WASHINGTON, Feb. 4, 2016 - Democrats stalled a bipartisan energy bill in the Senate, demanding that Republicans agree to include aid for the drinking water crisis in Flint, Michigan.
A cloture motion that would have moved the Energy Policy Modernization Act toward final passage failed, 46-50, far short of the 60 votes needed.
McConnell said discussions on the bill would continue over the weekend. “Hopefully we'll be able to salvage this important bipartisan legislation in the next few days.”
Michigan’s two Democratic senators, Debbie Stabenow and Gary Peters, have been pushing for a $600 million aid package that Republicans argue is premature.
“While a lot of positive progress” has been made on the aid proposal “we’re just not done yet,” Stabenow said before the vote. “We just want to know that we have an agreement … to get this done.”
Nine Republicans besides McConnell voted against the cloture motion, while four Democrats and Independent Angus King of Maine voted to move the energy bill forward.
The bill, which would be the first broad overhaul of federal energy policy since 2007, includes popular provisions to update the electricity grid, accelerate the export of liquefied natural gas and promote energy efficiency in homes and businesses. For Republicans, the measure includes incentives for fossil fuels, while for Democrats it would help promote a shift toward renewable power usage.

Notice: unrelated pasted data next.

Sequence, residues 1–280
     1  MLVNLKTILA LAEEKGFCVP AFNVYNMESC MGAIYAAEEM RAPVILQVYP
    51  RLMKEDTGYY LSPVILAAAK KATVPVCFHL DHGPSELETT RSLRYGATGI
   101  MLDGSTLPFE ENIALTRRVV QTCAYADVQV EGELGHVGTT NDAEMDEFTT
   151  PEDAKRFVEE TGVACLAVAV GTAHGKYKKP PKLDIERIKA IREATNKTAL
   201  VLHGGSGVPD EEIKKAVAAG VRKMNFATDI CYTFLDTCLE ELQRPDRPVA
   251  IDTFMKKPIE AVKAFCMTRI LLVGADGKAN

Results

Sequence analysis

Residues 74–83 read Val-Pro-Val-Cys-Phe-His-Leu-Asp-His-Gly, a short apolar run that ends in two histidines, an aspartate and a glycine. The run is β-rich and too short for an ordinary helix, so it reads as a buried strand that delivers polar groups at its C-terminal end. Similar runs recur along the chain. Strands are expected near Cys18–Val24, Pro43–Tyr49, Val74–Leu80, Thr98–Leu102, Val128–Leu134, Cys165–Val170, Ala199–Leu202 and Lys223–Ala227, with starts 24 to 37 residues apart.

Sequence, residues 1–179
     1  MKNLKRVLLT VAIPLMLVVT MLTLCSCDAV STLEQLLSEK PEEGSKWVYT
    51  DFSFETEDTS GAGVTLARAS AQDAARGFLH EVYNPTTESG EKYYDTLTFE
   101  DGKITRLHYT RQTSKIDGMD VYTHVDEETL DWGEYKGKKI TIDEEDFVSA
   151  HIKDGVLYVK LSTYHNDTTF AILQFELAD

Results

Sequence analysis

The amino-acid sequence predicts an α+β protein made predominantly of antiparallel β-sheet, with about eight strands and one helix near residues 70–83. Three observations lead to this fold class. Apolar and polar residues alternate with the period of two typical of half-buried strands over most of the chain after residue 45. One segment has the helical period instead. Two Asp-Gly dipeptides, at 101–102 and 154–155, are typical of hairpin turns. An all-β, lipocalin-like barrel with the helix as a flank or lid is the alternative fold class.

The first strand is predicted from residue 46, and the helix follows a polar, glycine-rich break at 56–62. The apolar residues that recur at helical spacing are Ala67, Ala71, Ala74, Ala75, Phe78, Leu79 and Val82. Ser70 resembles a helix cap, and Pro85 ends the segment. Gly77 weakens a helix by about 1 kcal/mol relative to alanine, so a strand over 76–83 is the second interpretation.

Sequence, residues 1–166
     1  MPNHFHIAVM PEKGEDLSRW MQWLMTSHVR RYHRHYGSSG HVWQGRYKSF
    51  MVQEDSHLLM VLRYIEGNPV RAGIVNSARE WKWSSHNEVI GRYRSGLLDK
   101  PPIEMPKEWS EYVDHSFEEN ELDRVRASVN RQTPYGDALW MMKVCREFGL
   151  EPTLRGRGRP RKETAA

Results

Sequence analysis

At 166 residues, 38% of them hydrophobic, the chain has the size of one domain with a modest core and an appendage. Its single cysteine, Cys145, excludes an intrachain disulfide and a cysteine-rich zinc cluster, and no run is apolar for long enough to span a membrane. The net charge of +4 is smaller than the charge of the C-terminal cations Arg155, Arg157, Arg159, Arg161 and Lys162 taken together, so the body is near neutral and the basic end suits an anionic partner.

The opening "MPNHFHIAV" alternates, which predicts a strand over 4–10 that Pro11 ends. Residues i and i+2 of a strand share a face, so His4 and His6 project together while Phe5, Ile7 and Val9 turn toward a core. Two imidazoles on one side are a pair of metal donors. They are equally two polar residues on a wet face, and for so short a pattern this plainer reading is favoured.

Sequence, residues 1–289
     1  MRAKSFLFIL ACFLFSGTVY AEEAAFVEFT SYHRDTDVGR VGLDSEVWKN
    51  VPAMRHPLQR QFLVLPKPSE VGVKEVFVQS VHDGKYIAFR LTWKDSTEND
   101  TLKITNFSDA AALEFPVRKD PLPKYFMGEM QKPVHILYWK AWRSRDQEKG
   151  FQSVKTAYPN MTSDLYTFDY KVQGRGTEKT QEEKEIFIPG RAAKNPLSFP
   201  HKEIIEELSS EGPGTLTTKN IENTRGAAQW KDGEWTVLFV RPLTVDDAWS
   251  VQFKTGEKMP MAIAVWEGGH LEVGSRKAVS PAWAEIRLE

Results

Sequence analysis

Senate Energy and Natural Resources Chairwoman Lisa Murkowski, R-Alaska, pleaded for Democrats not to stand in the way of the bill, which her committee approved 18-4 last summer.
“You will be effectively giving up on so much that we have done,” she said. She said the negotiations with the Michigan senators had been “earnest and in good faith and ongoing.”
She has largely managed to protect the measure from fights over contentious amendments, including some targeting biofuels.
Senate GOP Whip John Cornyn of Texas said the Flint aid package should be addressed through the normal appropriations process. “It’s not responsible, it’s not reasonable” to insist on adding the aid to the bill, he said, accusing Democrats of holding the bill hostage to “embarrass people.”
The three senators still running for president, Ted Cruz, Marco Rubio and Bernie Sanders, missed the vote.